Are you and your spouse financially ‘compatible?’


Have you ever heard the statistic that more than 50% of marriages end in divorce due to finances? The majority of respondents said the only thing they knew about their spouse when they got married was their income, according to a recent study from credit bureau Experian. But there is so much more to financial compatibility than how much money you make! You need to factor in spending habits, savings, investment philosophies, financial goals, and plans for the future. Otherwise, you could end up like Katie:

Katie was in her mid-twenties when she got married. She felt like she had the world at her fingertips and had found a partner to share it with. Both Katie and her husband were successful lawyers who could live the lifestyle they had always dreamed of. About five years after being married Katie went to buy a new car. She had been saving for two years but she needed a loan for about $10,000. The car dealer ran her credit and declined the loan. How could this be? She paid her bills on time, had a great salary, and always paid off her credit cards in full every month. To her surprise, her husband had been taking out lines of credit in her name to maintain their lifestyle. He had accumulated $60,000 of debt that was delinquent. He had terrible spending habits that Katie had never discussed with him. If she would have had this conversation up front it could have saved her the heartache and financial burden of this debt.

Having financial conversations with your significant other can be challenging. Here are a few ways to make these conversations fun and light and get the entire family involved. 

Understand each other’s financial goals

When you get married you’ve decided that person is your partner in life. However, discussing your future goals has a lot to do with your compatibility. Often this is something that’s not considered. It’s so far out you don’t consider what the future will look like, or communicate your dreams for retirement.

Your goals don’t have to be the same. You may need to do a little compromising. But by working together, you may be able to achieve all your goals. Simply Money Advisors recommends working with a trusted financial planner (preferably a Certified Financial Planner™) to create a personalized financial plan that will include both of your financial objectives for the future.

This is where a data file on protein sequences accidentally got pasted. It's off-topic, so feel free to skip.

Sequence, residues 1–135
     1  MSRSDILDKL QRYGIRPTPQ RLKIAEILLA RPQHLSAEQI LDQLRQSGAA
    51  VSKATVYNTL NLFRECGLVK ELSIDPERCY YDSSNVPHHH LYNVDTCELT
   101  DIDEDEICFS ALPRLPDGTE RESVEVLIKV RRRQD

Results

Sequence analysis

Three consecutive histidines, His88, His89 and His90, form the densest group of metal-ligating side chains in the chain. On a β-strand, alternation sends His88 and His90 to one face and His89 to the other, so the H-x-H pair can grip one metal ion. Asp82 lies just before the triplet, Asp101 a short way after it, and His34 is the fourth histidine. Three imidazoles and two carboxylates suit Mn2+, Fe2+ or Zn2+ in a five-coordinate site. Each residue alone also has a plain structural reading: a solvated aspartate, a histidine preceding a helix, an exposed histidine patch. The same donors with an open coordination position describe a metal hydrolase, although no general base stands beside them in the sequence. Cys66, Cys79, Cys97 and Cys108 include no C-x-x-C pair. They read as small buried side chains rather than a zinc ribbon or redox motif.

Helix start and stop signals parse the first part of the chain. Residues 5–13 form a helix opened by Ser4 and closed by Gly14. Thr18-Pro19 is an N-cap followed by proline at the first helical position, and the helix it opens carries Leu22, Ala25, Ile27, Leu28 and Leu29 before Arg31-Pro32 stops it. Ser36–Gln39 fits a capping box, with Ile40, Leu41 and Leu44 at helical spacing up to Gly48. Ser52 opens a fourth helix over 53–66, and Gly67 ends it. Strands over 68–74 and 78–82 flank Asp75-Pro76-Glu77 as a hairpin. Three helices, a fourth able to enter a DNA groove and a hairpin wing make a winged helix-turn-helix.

Discuss big financial decisions 

This may seem obvious, but making financial decisions together increases your financial compatibility. Not only do you have to agree with the decisions, but you must plan and budget for the large purchases. Some surprises are nice, but waking up to a Bentley in your driveway could end in financial distress. 

Plan for the worst  

Simply Money Advisors recommends creating an emergency fund (three to six months of expenses). This allows you to not stress when accidents or unexpected expenses happen. Developing a financial action plan when unexpected situations happen will eliminate some of the stress and help strengthen your partnership. 

Get your children involved 

Don’t limit your financial planning to your spouse. Encourage your children to get involved and help with the financial process. This will not only bring your family closer, but also inspire financial education. By including the entire family in the financial planning process, you can make sure everyone is on the same page. Here are a few ways to involve the entire family in the planning process:

• Have your children keep track of their own budget

• Encourage your children to help with the important financial decisions and get their opinion

• Review your family’s budget at the end of the month

• Include your children in goal setting, small or large

By including the entire family in the financial planning process, you and your spouse will become closer. You’ll have to work together to lead the family in making smart financial decisions. 

Make budgeting fun 

Sticking to a budget can be challenging. Why not make it fun for you and your spouse? Set a goal that you can include in your budget and work toward it. For an example, a beach vacation. This will give you something to look forward to. There are countless ways you can put a little extra money aside for this goal. Brainstorm with your spouse and hold each other accountable for the accomplishment of this goal. 

The Simply Money Point 

Talk to your spouse and make a personalized financial plan for your future. Discuss everything from spending habits to goals for retirement. You want to be sure you understand the entire picture of how your spouse views money and what their money values are. Even if you didn’t have these conversations before you walked down the aisle you can still work together now to compromise and make sure you’re on the path toward a secure and sustainable lifestyle.

Want to learn how our team at Simply Money Advisors can create actionable steps to help you and your family live the way you want, today and tomorrow? We invite you to speak with our team.